Dealing With Pre-Race Jitters Like a Pro Runner

Molly Hurford
by Molly Hurford
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Dealing With Pre-Race Jitters Like a Pro Runner

From top-level racers to someone toeing the line for their first 5K, everyone deals with some level of pre-race nervousness. You might suffer from nearly debilitating nerves that make starting a race feel as terrifying as final exams in college. You might just have a few small moments of jitters that are quickly overruled by excitement. Whatever level of nerves you experience, know you’re not alone. Proper pre-race prep helps tame those nerves, but it’s hard to get rid of them entirely.

Even writing this article boosted my heart rate, as I sat at the computer and imagined the start line. But it’s absolutely possible to channel that energy and make it work for you. Here’s how to help use those jitters to fuel your race-day performance:



While sleeping well the night before a race is a great way to keep nerves at bay, it’s not a realistic expectation. So, start stockpiling your sleep a week before your race — you’ll feel much better on the start line if you know you’ve got a strong foundation of solid rest. Aim for an hour or two extra each night if possible: You’ll be much more confident on race morning if you know you’re not sleep-deprived, even if you spend a restless night heading into the race.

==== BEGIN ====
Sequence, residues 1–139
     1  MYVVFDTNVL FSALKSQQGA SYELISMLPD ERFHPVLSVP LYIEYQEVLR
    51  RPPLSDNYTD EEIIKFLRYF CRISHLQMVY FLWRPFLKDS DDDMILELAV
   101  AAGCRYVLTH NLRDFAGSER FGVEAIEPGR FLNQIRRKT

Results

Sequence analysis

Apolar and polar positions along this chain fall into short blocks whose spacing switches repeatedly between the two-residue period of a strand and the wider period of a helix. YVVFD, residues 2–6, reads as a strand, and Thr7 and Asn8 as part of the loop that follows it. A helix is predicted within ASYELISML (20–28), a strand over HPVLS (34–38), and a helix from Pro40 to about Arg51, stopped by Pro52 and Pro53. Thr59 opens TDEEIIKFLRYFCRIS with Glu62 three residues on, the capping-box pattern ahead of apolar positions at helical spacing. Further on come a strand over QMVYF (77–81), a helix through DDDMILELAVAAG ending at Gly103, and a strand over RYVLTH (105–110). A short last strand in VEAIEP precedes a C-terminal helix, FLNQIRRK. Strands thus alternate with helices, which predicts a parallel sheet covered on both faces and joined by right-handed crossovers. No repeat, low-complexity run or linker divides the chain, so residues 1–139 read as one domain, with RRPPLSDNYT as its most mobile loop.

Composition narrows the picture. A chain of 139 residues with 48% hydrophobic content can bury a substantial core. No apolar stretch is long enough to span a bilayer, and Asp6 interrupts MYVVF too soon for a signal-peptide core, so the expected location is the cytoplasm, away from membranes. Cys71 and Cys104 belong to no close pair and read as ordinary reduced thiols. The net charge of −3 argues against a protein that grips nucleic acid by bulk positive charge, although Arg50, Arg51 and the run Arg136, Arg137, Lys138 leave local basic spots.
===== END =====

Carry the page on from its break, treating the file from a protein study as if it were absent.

Sometimes, simply knowing what our worst fears are can help us move through them — and it’s a good race strategy whether you have nerves or not, since races rarely go according to plan. After you’ve written the list of things that can possibly go wrong (stomach cramps, a missed water stop, hitting ‘the wall’), write down how you can react to each thing to move past it (proper nutrition and hydration). Often, this exercise helps you relax by showing you few problems are insurmountable. It gives you the tools you need to tackle in-race challenges, even ones you didn’t expect. And it helps you foresee and prep for avoidable challenges.